Date of Conferral
Frequent incidences of bank failures in Nigeria resulting in enormous losses of investments and jobs have raised questions about the level of banks' compliance with the code of corporate governance. This single exploratory case study shifted attention from the banks to the regulators of banks in Nigeria, the Central Bank of Nigeria (CBN), to find out the problems they may be encountering in getting the banks to be fully compliant. Purposeful sampling was used to select 25 senior participants who were directly involved with the monitoring of banks from CBN. The agency theory served as the conceptual framework. The sources of data were semistructured interviews and focus group interviews. The use of member checking and triangulation improved the credibility of the data. Thematic analysis was used in data analysis. Findings showed that the CBN might have identified the shortcomings in their supervision processes and have put measures in place to ensure full compliance. Some of the measures included recruitment of skilled IT personnel to conduct monthly e-examinations of the books of banks, application of steep penalties for noncompliance, the reduction of percentage holding by investors, and continuous training of the staff. Full implementation and continuous evaluation of these measures should make the issue of bank distresses and the attendant loss of depositors' funds and means of livelihood outdated. This will result in positive social change by increasing public confidence in the banks resulting in a growth in the economic activities, more job creation, and greater wealth creation for shareholders.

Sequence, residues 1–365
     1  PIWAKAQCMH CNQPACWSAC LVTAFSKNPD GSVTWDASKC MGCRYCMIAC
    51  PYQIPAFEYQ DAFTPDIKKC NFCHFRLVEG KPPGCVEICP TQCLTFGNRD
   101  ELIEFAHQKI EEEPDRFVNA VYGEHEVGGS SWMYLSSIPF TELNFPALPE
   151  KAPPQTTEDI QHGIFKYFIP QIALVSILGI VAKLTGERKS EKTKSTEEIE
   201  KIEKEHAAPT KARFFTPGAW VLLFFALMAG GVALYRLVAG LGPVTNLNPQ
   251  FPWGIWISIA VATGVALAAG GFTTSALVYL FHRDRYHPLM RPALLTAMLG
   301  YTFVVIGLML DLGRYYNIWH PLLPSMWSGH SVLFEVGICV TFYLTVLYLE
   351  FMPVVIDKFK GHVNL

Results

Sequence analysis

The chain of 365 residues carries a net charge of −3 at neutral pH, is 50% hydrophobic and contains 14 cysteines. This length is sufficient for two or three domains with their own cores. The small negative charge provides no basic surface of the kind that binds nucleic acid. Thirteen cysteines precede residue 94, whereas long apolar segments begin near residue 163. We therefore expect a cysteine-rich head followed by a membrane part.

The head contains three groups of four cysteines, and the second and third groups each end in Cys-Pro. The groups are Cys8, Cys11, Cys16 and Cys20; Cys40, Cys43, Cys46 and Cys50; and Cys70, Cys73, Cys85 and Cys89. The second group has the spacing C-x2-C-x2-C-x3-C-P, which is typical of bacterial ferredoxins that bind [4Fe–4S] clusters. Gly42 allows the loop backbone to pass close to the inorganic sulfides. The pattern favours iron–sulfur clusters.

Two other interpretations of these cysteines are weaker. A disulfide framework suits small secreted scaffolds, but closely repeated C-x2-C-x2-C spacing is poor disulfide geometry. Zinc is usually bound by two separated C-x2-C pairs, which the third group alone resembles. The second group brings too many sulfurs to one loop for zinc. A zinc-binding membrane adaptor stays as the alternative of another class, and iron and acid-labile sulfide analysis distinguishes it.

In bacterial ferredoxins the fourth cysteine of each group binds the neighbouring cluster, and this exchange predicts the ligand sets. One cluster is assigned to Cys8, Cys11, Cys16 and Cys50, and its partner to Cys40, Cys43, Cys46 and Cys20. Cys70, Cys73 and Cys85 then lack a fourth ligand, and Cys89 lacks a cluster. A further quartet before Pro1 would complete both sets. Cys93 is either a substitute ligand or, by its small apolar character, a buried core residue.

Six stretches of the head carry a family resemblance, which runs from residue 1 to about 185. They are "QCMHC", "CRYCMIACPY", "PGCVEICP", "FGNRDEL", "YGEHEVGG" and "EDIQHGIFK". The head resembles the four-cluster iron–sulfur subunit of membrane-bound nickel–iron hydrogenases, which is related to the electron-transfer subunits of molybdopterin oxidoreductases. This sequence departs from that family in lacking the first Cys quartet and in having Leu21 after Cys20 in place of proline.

Tayo-Tiwo, Aderonke Alberta, "Nigerian Banks' Compliance with the Code of Corporate Governance" (2018). Walden Dissertations and Doctoral Studies. 5788.